Best, Charitable, Clarified, Media (& Odd) Practices

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Well, we asked for it.

Several months back The Credit Union Journal invited readers to submit their own "Best Practices." We weren't looking for a specific type of best practice and we didn't divide the pie up according to asset size, believing a good idea is a good idea.

It's interesting to keep in mind that while there has been a good deal of discussion (albeit more of a lament) within the credit union community about the erosion of cooperation, credit unions continue to show-with a few exceptions-a general willingness to share their best practices with one another. After all, no bank publication features banks stepping forward to share with other banks their best ideas and strategies. Indeed, many banks require as part of their contracts with various vendors a non-disclosure agreement preventing the provider from even blowing its own horn.

It may well be that some very good Best Practices do not appear in the Special Report that begins on page 15 because some credit unions may be cooperatives but see no reason to cooperate, and they, too, have laid down the law with their vendors.

But I think you'll agree that the 22 other Best Practices you will find just a few pages away represent some unique approaches to common challenges, many of which were developed in-house with little more than a good idea and a shoestring budget.

Our goals in providing this Best Practice package to readers were twofold: first, to recognize credit unions for their innovative approaches, and second, to bring those ideas to other credit unions for their own implementation and tweaking where applicable. The latter, especially, has been at the core of The Credit Union Journal since our inception. In fact, we like to think of it as our own Best Practice.

In the Sept. 19 issue, I noted that UniWyo FCU had been taking some heat from members after it pledged $1-million to the University of Wyoming. The donation comes to about $77.12 per member, and I asked readers what they thought-should credit unions make donations on behalf of members, or return the money and let them do what they want with it? That column generated a number of interesting responses from readers, including UniWyo FCU CEO Larry Knopp, who pointed me in the direction of the credit union's website, where it has assembled numerous FAQs about the donation. If you're interested in seeing how the credit union explained its decision to members, and the changes it has made since announcing the decision, go to www.uniwyo.com and click on the "About Us button.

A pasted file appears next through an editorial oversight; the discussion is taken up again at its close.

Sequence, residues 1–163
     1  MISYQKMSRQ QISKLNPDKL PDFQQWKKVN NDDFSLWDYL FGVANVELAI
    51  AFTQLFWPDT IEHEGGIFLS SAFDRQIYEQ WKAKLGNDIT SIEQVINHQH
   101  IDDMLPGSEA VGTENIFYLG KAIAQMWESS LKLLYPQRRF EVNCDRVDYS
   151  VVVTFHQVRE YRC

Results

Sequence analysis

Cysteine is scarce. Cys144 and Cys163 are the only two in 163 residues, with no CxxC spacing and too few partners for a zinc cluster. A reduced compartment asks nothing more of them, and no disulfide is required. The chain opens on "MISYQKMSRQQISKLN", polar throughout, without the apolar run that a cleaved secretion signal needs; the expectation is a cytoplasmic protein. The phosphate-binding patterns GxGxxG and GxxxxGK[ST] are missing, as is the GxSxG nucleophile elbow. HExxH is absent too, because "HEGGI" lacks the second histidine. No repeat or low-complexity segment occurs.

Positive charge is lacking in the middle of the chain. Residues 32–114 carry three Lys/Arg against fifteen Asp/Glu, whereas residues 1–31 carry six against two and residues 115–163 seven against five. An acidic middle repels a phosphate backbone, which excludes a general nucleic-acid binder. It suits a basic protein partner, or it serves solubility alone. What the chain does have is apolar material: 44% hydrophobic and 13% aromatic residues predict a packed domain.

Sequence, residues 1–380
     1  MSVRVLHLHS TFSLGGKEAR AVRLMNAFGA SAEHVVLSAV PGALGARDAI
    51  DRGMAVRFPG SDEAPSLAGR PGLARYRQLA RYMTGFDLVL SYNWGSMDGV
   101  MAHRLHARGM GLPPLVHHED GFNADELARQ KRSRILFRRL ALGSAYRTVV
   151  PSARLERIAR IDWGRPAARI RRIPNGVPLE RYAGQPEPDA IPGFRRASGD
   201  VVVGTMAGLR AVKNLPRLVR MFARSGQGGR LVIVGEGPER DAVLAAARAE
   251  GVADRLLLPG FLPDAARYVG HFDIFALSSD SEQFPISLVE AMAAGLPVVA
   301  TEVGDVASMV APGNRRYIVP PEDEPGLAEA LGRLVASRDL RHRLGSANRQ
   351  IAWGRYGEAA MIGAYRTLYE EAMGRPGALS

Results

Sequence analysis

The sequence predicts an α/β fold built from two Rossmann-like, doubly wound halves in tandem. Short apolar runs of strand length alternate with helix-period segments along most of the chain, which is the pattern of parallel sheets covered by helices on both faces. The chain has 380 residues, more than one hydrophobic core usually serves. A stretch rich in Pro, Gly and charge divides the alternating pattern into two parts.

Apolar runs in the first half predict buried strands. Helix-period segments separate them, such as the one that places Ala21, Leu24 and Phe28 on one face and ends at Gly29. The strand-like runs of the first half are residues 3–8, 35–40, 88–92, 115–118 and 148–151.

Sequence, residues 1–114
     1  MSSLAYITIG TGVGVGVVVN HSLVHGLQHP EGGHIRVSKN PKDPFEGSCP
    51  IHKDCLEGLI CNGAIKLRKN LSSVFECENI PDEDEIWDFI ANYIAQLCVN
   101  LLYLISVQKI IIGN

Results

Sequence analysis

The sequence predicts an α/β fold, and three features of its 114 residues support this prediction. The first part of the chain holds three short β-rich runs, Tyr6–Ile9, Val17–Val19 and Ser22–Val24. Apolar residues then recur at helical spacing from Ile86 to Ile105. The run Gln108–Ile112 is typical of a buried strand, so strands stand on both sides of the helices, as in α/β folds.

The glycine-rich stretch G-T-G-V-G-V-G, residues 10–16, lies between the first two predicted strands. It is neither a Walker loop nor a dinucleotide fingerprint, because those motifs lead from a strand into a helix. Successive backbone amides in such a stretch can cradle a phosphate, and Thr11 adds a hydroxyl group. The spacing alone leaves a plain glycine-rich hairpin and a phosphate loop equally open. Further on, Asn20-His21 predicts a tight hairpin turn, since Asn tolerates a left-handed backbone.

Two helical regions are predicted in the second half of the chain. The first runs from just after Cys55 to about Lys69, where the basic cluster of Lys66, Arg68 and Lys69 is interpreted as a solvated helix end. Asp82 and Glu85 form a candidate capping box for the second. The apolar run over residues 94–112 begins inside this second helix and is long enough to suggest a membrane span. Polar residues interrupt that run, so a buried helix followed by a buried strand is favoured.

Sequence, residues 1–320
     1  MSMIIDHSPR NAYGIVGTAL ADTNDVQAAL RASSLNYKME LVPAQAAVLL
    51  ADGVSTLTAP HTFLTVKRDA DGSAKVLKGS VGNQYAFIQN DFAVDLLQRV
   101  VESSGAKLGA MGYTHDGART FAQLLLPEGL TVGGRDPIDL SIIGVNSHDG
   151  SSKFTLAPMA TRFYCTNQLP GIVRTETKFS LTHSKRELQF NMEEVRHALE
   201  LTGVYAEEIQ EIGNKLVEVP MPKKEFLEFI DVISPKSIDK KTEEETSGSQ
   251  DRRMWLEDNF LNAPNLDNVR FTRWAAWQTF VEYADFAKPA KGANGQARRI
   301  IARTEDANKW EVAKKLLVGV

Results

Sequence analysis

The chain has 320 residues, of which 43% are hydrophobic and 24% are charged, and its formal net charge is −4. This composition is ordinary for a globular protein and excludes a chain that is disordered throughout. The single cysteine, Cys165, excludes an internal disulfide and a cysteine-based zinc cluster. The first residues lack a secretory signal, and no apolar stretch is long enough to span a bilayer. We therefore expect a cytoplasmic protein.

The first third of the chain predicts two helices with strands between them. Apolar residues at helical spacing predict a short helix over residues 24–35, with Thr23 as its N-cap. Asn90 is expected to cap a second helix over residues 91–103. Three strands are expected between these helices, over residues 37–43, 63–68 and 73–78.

Related to the above, many credit unions have begun to put marketing dollars behind sponsoring sports teams and stadiums, and one credit union that recently did so declined a Credit Union Journal reporter's question on how much was being spent. If you're spending your members' money, especially on a broad initiative, you have an obligation to those members to tell them where their money went. They still own the place, after all.

In the Oct. 3 issue I profiled former NCUA Board Member Debbie Matz on her thoughts as she exited the agency. As part of that interview I quoted Matz as saying that among the most pleasant surprises to her when she joined NCUA was that the regulator "really understands the differences in credit unions and respects the fact that a credit union is not a credit union." Matz asked that I clarify the second part of that statement to ensure credit unions understood her to mean that each credit union is treated individually and not as part of some blanket approach.

As reported on page 1, Utah's bankers have again teamed with the American Bankers Association to challenge a field of membership approved for a credit union in that state. At issue, specifically, are expansions to serve low-income communities and the underserved. Once again credit unions find themselves on the defensive, and in this case, incredibly, it's for serving people the banking industry doesn't want! While this case will be battled in the courts, it seems to be quite the opportunity for credit unions to turn this around and put banks on the defensive.

Credit union spokespersons need to leverage every media opportunity to drive home the point that banks are attempting to ensure that those who already have little money have even less. When banks counter that there are also middle- and even upper-income people in these areas, credit unions must stress that credit unions are cooperatives, not charities, and it is the presence of members who have funds to deposit that allows a credit union to loan those funds back out.

Finally, Visa recently reported that if all the Visa check card transactions completed over the past year were paper checks, they would weigh 7,135 tons. Visa didn't release word on how much paper was used to issue the press release with that information.

Frank J. Diekmann is editor of The Credit Union Journal and can be reached at fdiekmann cujournal.com.

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